[Exit Sultan Ismail to the covered walkway.]
These two stations are too far apart to be considered an interchange, yet the decision makers have gone above and beyond the call of duty by providing a step-free covered walkway for the entire distance.
[Covered walkway from Sultan Ismail to Medan Tuanku.]
My dream would be to have KL covered in elevated walkways like this, to the point where eventually you could walk across the entire city.
[Elevated walkway above KL traffic.]
Putra to PWTC
I was curious to see what the other long walkways represented on the map looked like, so I did the walk from Putra to PWTC. I got the train to Putra, and upon exiting the station there are covered stairs to the main road.
[Directions from Putra to PWTC.]
The start of this walk has stairs and is along the road, so it didn’t get off to a good start. The walkway was covered though, so I assumed it would improve. The walkway goes along a bridge and then a walkway in front of the Putra Mall.
[Walkway outside Putra Mall.]
After walking along the road, there are stairs and a lift to an elevated walkway.
[Putra to PWTC elevated walkway.]
Midway along the walkway is a junction where you can go to a hotel entrance or the mall.
[Junction to hotel, PWTC, and mall.]
The walkway delivers you to PWTC Station with step-free access.
Tun Razak Exchange (TRX)
The urban rail transit system of KL reached interchange nirvana with the opening of the TRX station at Tun Razak Exchange. TRX is a new urban area close to the city centre, and it is being positioned as a financial hub of the city. It is home to Exchange 106 tower, which is the third tallest building in KL.
[The best metro station in KL is somewhere under here.]
Two new lines will interchange here, with Line 9 already open, and Line 12 scheduled to open in 2023. With both lines being new and planned at the same time, this was a rare chance for KL to build a fully-integrated interchange.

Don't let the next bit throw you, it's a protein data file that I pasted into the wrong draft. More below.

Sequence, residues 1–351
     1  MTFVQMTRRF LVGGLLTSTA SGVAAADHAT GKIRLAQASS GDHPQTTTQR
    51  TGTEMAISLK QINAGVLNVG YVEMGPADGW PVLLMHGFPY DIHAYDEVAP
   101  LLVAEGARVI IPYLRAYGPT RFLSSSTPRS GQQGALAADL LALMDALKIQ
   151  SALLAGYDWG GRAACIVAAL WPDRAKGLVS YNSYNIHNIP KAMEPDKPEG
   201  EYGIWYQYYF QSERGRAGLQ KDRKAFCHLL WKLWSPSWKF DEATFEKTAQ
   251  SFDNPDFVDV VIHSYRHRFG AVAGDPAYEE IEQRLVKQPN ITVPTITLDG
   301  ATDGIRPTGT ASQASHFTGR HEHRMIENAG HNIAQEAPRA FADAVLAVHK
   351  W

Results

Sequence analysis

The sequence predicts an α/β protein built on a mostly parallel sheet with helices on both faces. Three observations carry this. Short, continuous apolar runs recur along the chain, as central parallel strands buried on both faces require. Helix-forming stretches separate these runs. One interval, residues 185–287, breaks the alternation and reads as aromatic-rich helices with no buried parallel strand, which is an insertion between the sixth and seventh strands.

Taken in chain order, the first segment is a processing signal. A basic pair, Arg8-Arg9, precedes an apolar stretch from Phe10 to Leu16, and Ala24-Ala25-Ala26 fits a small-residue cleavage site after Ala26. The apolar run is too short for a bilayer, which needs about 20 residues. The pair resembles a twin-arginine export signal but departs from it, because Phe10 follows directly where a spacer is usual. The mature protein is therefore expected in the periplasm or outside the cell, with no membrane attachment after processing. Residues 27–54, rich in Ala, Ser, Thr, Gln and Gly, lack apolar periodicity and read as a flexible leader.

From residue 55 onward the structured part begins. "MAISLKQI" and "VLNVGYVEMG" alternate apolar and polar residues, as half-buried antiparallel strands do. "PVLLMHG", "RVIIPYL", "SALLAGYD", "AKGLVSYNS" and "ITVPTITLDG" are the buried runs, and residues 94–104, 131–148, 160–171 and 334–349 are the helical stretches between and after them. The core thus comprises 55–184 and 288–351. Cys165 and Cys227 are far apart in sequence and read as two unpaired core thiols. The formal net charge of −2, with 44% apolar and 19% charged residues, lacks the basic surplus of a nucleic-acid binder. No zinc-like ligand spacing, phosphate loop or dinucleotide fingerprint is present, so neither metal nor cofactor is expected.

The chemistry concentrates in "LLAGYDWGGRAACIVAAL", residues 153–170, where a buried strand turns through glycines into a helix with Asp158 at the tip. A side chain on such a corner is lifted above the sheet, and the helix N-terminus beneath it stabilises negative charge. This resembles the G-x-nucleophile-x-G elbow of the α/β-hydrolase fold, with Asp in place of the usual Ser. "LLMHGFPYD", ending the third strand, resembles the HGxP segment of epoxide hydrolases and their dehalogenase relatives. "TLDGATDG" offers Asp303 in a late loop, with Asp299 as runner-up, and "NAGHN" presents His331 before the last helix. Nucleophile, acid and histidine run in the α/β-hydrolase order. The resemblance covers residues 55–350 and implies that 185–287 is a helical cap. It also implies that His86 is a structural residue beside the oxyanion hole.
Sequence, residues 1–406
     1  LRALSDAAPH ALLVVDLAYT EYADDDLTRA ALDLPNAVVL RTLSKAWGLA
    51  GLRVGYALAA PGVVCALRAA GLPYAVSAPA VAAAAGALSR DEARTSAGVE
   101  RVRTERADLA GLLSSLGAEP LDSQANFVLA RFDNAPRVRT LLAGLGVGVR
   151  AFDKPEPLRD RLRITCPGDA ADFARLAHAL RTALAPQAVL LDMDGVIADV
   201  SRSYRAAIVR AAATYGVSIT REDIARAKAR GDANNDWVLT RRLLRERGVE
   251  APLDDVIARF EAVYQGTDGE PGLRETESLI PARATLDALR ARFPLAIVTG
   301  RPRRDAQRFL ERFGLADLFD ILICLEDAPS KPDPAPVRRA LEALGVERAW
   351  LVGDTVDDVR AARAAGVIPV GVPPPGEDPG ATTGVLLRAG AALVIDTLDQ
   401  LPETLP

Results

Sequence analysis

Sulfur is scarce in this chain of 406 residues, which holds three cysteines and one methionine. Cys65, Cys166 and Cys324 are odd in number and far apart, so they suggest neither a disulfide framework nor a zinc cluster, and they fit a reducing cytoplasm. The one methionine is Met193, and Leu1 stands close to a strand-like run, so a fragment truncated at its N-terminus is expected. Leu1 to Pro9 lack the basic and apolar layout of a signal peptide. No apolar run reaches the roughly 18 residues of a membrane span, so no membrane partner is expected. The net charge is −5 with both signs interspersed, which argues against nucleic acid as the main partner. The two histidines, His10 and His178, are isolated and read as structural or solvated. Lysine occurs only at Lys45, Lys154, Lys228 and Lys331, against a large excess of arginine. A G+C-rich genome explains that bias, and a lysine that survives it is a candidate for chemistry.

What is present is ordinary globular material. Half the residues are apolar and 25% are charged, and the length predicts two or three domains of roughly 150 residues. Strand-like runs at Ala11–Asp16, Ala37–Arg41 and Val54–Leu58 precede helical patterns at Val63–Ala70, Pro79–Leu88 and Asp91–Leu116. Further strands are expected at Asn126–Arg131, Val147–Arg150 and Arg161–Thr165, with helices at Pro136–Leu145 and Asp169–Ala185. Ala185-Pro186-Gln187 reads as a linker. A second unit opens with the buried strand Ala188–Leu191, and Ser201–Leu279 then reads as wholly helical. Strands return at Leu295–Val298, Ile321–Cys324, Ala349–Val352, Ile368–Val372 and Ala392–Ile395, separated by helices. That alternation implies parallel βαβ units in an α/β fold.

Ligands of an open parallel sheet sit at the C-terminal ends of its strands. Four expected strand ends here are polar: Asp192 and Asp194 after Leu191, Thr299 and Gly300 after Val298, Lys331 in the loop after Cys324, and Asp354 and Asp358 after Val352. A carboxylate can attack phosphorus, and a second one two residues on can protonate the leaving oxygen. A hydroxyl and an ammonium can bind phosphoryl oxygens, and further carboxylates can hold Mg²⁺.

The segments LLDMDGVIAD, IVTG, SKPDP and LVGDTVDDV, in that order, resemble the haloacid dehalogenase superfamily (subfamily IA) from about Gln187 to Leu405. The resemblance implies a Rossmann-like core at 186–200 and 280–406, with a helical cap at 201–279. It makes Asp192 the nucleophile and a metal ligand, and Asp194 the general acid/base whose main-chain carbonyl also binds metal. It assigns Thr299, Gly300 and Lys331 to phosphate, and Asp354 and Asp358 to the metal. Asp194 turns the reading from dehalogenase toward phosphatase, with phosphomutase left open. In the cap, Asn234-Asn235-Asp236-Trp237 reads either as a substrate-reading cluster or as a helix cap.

[Line 9 preemptively showing an interchange at Tun Razak Exchange.]
I took Line 9 to TRX, and when I got off the train I was happy to see that they have built it as a cross-platform interchange with Line 12.
[Line 9 (green) on the left and Line 12 (yellow on the right)
I actually did a little Lleyton Hewitt fist pump and a (quiet) “yes!” when I saw this. Kuala Lumpur has come a long way from the dreadful interchange mistake of Masjid Jamek.
[What I looked like when I saw that KL finally got its interchange act together.]
Here is the MRT page of this Side Stacked Platform (also known as a Split Platform).
If you have used the MRT in Singapore then you might be familiar with the North-South and East-West lines cross platform exchange at City Hall MRT station and Raffles Place MRT station. The best example though is Siam BTS Station in Bangkok, where the Silom and Sukhumvit lines converge. Even though the above-ground station is ugly, I like that you can see how the lines get positioned to make the interchange at the station.
The MRT at TRX is all underground, so passengers will just step out of one train and cross the platform to another, without thinking about how this interchange happened.
TRX Station is also a good lesson in metro map drawing. Lines on a metro map do not show actual alignments, so the cross lines on the map at TRX is not how it is aligned in reality. I need this reminder when making my own fantasy metro and railway maps.
There are more metro lines planned for KL, so there is further opportunity to make the new best station in Kuala Lumpur.